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Everything posted by DinoTitanedition

  1. Here's a little trip to nostalgia land, if you`re as eager as I am 😁 FULL ARTICLE HERE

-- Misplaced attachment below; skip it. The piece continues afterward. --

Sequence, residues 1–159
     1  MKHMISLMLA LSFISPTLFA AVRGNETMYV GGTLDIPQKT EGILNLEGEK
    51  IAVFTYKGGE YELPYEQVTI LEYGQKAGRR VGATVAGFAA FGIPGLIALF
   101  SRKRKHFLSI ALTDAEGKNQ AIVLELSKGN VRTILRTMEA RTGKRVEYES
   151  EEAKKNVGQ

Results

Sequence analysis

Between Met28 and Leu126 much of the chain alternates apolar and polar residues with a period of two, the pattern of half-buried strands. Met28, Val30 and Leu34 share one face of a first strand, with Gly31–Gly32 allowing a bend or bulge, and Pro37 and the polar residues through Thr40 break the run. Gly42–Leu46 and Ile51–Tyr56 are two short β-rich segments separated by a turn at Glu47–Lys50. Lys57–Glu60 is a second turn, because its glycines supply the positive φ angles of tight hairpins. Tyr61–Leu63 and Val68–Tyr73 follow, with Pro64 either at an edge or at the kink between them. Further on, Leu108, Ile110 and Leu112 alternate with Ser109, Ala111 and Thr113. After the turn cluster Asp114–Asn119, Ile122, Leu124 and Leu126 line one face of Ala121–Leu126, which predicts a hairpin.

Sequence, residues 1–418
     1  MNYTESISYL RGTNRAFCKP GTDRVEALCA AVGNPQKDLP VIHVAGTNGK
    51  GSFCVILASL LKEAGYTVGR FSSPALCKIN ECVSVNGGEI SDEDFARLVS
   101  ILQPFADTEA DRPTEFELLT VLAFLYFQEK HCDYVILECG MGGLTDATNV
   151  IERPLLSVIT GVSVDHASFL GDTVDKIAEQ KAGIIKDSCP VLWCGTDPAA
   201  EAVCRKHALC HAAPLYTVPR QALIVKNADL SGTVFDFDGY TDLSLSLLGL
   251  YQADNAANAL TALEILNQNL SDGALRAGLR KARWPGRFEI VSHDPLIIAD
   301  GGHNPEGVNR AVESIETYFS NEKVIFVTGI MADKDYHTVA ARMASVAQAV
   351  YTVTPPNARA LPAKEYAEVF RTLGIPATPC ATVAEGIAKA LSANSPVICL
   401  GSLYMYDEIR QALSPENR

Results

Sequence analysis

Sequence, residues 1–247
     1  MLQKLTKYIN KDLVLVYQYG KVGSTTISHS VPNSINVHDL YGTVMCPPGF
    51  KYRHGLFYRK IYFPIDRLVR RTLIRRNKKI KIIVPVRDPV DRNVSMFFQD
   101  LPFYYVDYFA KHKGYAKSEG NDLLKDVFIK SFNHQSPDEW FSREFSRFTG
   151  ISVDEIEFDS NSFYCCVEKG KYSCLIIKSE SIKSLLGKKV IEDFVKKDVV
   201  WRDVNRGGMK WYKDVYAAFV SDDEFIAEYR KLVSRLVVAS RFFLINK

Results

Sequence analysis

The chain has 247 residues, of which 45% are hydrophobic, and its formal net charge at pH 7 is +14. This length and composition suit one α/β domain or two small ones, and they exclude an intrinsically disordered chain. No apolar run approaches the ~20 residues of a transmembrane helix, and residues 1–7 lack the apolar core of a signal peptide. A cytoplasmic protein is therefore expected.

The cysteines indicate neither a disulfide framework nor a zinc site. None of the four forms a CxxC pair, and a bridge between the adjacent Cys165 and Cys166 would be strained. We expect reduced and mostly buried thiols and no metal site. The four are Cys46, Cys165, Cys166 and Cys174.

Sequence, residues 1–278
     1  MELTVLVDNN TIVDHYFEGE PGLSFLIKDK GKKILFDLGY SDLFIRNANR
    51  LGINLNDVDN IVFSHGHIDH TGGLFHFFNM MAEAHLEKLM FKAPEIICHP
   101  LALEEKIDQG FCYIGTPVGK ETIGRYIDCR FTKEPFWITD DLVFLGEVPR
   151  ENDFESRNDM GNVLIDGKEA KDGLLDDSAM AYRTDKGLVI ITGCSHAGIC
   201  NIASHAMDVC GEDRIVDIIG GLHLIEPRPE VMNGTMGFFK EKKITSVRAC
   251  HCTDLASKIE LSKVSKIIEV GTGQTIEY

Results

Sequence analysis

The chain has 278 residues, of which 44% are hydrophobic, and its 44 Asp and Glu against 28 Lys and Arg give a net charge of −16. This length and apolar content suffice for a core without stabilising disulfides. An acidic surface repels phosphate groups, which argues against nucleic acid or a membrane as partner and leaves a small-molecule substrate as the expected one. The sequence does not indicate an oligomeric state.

2. Same here @Yoshiya, I'm eager to play on that set too, but I've noticed the size difference from the picture and the actual models in the store already as well. Meanwhile I've been continueing with my warband, while Christian is still on his Untamed Beasts. Haven't played against those either yet, which seems like a miracle considering so many people have them. Lords of WarCry - Da Redfists, Part 5 It is possible to make an Orruk with two bashas from the sprue of the Ardboys. I must confess, the clubs have such a wonderfully dull and brutal appearance that I really wanted to have an orruk with two of them. I also like the look of the faces of the Ironjaw Brutes and I think that an army always looks like it belongs together when it has a common recognition value like the facial features and heads. That's not so easy with greenskins from Games Workshop. Over the years, many different facial features and head shapes have been added to the Orcs/Orruks that look so different from their each other that they sometimes don't even seem to belong to the same race. So I grabbed one of the heads of the Brutes and put it on an Ardboy. I took the opportunity to try some new tricks paintwise. With human models it is quite easy to paint wrinkles on the forehead by accentuating first roughly and then very precisely. The illusion of a three-dimensional wrinkle is created. I used the same procedure at the neck as I described in my article for painting tricks. Another gimmick is the helmet. Although I like it when models can be seen without a helmet, I always ask myself "Where did the helmet go?". So this time I glued it on, so that it looks as if it was hanging from a loop on the belt. In any case I wanted to show on the model that the helmet did not get lost, since the full plate is a trademark of the Ardboys. Now, after I've painted five of the nine Ardboys half of the way is travelled. Time to play a few games... Greetings from the Chaosbunker Dino